"The girls are a little sad."
Translation:Las chicas están un poco tristes.
LOL! I'm no "kid," but Ahora soy una anciana! I use the app because I can squeeze in a lesson wherever I am, to do more per day. I was taking the "casual level" so slowly, I realized I would never be able to converse before I died if I didn't do 5-6 lessons a day, at least, so am attempting that pace. It is helping to do more at a time; my brain needs a lot of repetition. Hats off to seniors who want to keep learning!
There are a surprising number of seniors taking this course of study. I seem to remember that this is one of the changes futurists predicted 20 or 30 years ago: that because seniors are living longer, we won't be content to just sit in front of the TV, but will be looking for new challenges to fill the extra decades.
Full disclaimer: I am not a native speaker and I can only speculate here: In Yo estoy un poco triste, un poco triste is a phrase using the indefinite article un and such a phrase (at least with poco) puts the adverb un poco before the adjective it modifies. It's really the same as in English: we would normally say, "I am a little sad." We might say, "I am sad a little", but most of us would recognize that as a peculiar and individual form of expression, not the norm.
Because that isn't the convention.
If I understand it correctly and when both verbs are the equivalent of the English "to be", "ser" usually indicates permanence while "estar" indicates "at the moment".
To wit: "Yo estoy en California" (because although I've lived here for 35 years, I could be in Arizona in a couple of hours). But "Yo soy de Florida" (because no matter where I roam, I will always be from Florida).
A lot of these usages become matters of convention; so even if I somehow know I will remain in California forever (let's say I'm locked up for life without parole), the verb for current location remains "estar".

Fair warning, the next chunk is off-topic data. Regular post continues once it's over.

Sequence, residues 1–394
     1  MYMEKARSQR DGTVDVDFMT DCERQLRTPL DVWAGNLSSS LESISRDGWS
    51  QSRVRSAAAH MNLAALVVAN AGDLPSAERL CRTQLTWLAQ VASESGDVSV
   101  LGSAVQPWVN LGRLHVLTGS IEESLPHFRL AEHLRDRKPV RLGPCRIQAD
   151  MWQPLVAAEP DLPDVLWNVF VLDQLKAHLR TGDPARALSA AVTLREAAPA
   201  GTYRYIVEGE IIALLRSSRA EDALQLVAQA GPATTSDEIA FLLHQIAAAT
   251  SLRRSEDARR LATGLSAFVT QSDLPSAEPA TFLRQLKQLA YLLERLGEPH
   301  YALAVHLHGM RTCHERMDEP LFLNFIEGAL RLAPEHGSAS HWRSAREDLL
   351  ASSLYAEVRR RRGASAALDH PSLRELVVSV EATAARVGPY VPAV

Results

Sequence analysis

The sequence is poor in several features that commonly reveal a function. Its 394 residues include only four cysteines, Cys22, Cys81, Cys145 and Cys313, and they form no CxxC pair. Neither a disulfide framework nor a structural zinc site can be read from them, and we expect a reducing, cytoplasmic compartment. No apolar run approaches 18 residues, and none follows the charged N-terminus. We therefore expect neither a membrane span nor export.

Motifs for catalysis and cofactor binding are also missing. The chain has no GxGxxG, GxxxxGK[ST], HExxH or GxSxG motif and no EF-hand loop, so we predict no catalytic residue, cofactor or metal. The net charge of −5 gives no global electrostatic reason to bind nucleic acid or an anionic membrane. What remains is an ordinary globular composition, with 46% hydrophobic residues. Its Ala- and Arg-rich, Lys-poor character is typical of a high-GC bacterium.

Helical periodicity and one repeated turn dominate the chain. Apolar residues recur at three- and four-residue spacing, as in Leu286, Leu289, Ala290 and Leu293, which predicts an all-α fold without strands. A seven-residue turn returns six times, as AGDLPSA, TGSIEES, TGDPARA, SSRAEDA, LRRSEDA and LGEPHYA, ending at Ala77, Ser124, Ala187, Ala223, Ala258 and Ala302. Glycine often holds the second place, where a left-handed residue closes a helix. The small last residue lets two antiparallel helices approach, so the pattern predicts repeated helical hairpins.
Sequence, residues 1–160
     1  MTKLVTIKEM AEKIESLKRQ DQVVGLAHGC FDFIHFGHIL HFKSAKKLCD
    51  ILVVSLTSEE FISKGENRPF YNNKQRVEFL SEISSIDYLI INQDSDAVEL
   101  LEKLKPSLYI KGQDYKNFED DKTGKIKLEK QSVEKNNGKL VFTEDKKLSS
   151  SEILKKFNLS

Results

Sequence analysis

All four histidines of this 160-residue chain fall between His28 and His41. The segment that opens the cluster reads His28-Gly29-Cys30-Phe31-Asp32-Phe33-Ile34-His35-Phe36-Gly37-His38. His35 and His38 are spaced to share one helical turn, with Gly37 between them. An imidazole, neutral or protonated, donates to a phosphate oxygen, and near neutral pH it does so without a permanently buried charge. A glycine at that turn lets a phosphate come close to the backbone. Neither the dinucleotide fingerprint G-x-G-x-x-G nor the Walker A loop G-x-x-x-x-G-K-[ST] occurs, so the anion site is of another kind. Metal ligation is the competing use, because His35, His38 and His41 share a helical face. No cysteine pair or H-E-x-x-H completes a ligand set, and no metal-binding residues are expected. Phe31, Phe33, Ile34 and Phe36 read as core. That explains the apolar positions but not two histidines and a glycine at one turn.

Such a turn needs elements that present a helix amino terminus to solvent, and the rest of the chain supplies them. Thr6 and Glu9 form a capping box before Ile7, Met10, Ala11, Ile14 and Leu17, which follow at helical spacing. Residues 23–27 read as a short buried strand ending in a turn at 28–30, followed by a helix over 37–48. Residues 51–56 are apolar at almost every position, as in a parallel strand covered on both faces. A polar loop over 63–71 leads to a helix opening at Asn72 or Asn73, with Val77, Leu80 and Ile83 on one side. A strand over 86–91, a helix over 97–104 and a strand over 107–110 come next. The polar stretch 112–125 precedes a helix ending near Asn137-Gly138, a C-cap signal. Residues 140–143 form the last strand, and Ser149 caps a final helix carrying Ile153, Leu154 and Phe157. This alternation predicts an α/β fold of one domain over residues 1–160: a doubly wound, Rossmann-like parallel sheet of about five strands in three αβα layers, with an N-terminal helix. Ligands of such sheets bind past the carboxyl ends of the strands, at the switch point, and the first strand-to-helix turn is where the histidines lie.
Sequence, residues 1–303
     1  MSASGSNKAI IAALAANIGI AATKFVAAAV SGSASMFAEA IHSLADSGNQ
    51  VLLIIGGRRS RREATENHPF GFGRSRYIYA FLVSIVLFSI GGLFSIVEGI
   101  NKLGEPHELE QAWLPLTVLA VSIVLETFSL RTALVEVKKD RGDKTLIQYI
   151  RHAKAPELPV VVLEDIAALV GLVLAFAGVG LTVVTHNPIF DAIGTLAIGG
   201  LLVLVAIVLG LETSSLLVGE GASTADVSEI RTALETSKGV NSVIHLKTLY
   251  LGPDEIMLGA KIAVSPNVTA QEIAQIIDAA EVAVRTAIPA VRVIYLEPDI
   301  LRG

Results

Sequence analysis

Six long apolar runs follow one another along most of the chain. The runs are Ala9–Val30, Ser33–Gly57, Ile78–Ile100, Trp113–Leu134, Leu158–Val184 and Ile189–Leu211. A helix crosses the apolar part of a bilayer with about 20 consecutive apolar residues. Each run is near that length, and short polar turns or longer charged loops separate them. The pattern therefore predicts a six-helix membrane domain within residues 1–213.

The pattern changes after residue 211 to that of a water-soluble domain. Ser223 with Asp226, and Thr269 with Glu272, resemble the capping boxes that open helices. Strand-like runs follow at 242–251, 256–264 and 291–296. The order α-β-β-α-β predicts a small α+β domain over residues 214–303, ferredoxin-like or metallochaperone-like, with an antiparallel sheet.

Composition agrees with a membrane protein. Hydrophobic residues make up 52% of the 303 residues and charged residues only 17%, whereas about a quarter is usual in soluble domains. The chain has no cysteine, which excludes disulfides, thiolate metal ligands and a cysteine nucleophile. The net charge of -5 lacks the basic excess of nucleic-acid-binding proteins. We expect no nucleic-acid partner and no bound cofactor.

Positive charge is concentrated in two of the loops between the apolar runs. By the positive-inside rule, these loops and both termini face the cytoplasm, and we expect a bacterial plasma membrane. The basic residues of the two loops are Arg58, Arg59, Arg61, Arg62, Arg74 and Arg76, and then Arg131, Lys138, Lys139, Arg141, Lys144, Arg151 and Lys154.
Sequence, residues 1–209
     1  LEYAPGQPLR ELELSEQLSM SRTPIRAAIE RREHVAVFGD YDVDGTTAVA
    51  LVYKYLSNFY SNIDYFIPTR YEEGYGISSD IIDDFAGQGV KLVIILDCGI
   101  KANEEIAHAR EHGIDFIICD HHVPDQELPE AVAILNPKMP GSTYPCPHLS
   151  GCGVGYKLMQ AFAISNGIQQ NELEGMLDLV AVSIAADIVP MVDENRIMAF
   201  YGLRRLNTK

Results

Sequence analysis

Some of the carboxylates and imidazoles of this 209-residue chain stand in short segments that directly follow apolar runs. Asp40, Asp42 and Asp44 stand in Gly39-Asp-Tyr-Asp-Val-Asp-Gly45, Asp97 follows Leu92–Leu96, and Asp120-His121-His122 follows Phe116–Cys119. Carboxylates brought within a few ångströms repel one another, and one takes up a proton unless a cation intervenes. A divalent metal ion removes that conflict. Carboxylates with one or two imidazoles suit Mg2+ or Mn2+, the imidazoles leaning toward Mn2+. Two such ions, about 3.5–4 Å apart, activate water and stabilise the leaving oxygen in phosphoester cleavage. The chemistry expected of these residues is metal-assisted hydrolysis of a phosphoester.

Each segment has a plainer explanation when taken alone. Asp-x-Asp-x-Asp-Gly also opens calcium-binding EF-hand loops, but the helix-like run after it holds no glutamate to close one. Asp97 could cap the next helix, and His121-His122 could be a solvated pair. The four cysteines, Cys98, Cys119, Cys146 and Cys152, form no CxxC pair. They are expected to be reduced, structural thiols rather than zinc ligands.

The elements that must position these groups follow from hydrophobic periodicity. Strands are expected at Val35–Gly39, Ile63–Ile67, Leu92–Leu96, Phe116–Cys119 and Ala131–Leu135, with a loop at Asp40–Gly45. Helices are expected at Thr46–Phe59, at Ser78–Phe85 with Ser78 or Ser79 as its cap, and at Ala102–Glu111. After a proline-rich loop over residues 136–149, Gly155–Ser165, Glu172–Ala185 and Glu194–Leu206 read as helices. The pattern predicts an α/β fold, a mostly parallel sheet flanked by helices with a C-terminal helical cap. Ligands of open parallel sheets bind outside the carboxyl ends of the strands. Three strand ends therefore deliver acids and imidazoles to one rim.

IIRC, it's the same with adjectives. Some have come to use estar or ser according to custom and we just have to memorize them (which is why it is GREAT that DL now gives us so many more drills).
I don't like the way I worded some of the above. In sentences regarding location, forget about permanent v. temporary.
"Estar" is always used to indicate current location, even in a question where that location is unknown. "Yo estoy en California. Tú estás en tu habitación. Él está en la clase. Nosotros estamos en el sótano. El ratón está sobre la mesa. ¿Dónde están ustedes?" Etc.
"Ser" is used for place of origin. "Yo soy de la Florida." (The "la" seems to be optional now.) "Ella es de España." And so forth.
Well, for one thing, since una is modifying pocas, it must also be plural, i.e., unas. (Emphasis added.)
NOTE: I really led you astray here, Michelle. Un poco is an adverb and doesn't change in number or gender to agree with the subject, Las niñas. And tristes is one of those adjectives that doesn't change its gender, just its number.
I am really sorry. Early onset dementia is my only excuse. What you wanted was Las niñas están un poco tristes.
Because poco and tristes--in the prompt sentence--are different parts of speech (or "kinds" of words).
tristes is an adjective, which in Spanish must agree in number and gender. So tristes becomes plural to agree with chicas. (tristes happens to be an adjective that doesn't change gender; if it were like most adjectives, you are right that it would have to be feminine in the prompt.)
un poco is an adverb here. Adverbs modify verbs, adjectives (including tristes) and other adverbs. Adverbs do NOT change to agree in number or gender; they generally remain in the masculine/singular form.
(To make matters more confusing--feel free to stop reading now--poco, like mucho, is the rare word that can be an adjective or adverb, depending on context. In the prompt, we know it is an adverb because it modifies the adjective tristes.
A lot of adverbs end with the suffix mente. E.g., Las chicas cantan tristemente. "The girls sang sadly." Poco and mucho obviously do not.)